https://pjmedia.com/culture/chris-queen/2022/08/18/the-college-football-conversation-that-could-rock-the-sports-world-n1622261

A Zoom meeting that took place Monday night could send major ripples through the sports world. The College Football Playoff (CFP) Board of Managers — a group of 11 university presidents and chancellors representing the 10 conferences of the schools in the highest echelon of college football, along with the independent University of Notre Dame — held a virtual meeting earlier this week that discussed several topics.

But it’s one small snippet of the meeting that could lead to some earth-shattering consequences. The board talked about the possibility of removing college football away from the purview of the National Collegiate Athletic Association (NCAA).

“Multiple sources told ESPN that the board of managers briefly discussed the possibility of restructuring how college football is governed, with the idea presented of major college football potentially being governed outside of the NCAA,” reports Pete Thamel at ESPN.

College football and the NCAA have been intertwined since 1978, so untangling those cords won’t be easy. But who would take the reins of a sport with multiple divisions and organizations taking charge of hundreds of teams? The CFP board thinks it could handle the task.

“The most logical place for the sport to be run outside of the NCAA would be under the auspices of the CFP, which was discussed on the call,” Thamel reports. “The CFP currently oversees the sport’s postseason playoff and has contractual ties to other marquee postseason bowl games.”

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The trouble with making that kind of change is that it’s not as easy as signing some paperwork and setting a date to bring college football under new management. This meeting was essentially the first step in what could be a long road.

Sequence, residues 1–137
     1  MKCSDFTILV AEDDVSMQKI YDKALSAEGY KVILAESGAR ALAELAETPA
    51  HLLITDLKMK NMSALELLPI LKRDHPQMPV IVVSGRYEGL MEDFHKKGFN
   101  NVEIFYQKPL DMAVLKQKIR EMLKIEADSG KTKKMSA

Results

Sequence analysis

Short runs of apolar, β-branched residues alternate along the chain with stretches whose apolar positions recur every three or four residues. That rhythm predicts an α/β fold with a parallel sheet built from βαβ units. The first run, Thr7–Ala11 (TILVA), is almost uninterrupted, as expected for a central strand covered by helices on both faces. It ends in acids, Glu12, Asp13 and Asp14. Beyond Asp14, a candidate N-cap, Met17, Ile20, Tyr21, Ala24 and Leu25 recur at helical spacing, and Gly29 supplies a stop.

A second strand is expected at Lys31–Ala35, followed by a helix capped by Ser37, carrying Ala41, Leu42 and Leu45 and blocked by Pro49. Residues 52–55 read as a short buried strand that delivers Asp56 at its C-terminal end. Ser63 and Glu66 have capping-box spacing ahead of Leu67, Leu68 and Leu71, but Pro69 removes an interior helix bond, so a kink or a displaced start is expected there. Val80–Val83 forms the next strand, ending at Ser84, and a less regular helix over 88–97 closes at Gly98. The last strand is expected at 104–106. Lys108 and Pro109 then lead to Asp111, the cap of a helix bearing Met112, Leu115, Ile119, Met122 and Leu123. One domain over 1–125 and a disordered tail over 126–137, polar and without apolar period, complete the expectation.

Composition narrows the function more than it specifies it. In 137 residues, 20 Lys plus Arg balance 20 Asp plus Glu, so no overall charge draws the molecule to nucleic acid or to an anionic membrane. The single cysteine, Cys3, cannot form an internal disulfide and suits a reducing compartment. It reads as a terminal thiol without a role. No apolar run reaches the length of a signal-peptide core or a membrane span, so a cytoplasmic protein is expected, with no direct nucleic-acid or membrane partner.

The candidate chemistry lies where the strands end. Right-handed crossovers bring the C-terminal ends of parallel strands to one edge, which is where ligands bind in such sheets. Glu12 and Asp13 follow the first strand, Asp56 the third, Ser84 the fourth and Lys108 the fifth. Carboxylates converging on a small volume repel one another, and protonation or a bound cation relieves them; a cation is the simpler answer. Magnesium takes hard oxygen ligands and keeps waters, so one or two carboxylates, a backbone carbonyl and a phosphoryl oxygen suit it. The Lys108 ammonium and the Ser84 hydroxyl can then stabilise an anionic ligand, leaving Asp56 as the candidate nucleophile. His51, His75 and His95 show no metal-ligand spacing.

“Sources cautioned that these discussions are in such early stages that it could be considered the first steps of a complicated process that would resemble a marathon,” writes Thamel. “The sources added that the group spoke about the idea for only about five minutes, as it was raised as something the group should think more about down the line.”

Still, the meeting was the first official conversation that took place about the topic. After all, the CFP is the only entity that could take on the task of managing college football. Nothing has happened since the conversation on Monday, so it’s unclear what the next steps would be — or whether the conversation will continue at all.

In recent years, the NCAA has changed some of the rules governing college football, and it has created a “Wild West” atmosphere in a sport that the NCAA once governed with rigid rules. Last year’s ruling that allowed college football players to receive payment for use of their name, image, and likeness (NIL) has wreaked some havoc on the sport.

As Last Word on Sports put it back in May:

The NIL program in college athletics has been in operation for just under one year. At the beginning, players quickly began signing deals with their local car dealerships, restaurants, and even appearing in commercials. This new territory for college football provided a great opportunity for student-athletes to market themselves as a part of the multi-billion dollar industry.

More recently, however, private boosters of the universities have stepped into the arena. These boosters are rumored to be offering up to seven-figure checks to student-athletes. That’s not to say that this is the be-all, end-all incentive for players. But when a school can offer a scholarship, great coaching, and academic prowess, all while private boosters are writing checks, it is that much harder to say no.

The relaxed transfer portal rules that allow athletes to jump from program to program with more frequency have helped increase the uncertainty throughout college football.

Could the CFP reign in some of the recent craziness in the college football world? It’s possible. The playoff system, which has been in place since 2014, isn’t perfect — it has had its share of yearly controversy — but it has been a financial and ratings success. And, as big a behemoth as college football has become, having an organization managing it that only handles that sport could be a benefit. Stay tuned.

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